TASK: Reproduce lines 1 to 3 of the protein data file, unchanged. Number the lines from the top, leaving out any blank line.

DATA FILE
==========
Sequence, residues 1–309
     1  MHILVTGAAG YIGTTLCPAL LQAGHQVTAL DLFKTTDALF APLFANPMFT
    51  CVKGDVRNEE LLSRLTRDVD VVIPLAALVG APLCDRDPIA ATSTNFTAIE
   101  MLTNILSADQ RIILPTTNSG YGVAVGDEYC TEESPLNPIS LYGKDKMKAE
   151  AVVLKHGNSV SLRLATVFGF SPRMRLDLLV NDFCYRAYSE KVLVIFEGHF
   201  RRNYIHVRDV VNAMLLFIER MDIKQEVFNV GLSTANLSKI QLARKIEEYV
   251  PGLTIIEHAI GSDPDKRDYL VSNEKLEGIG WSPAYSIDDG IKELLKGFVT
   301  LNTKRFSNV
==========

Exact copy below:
Sequence, residues 1–309
     1  MHILVTGAAG YIGTTLCPAL LQAGHQVTAL DLFKTTDALF APLFANPMFT
    51  CVKGDVRNEE LLSRLTRDVD VVIPLAALVG APLCDRDPIA ATSTNFTAIE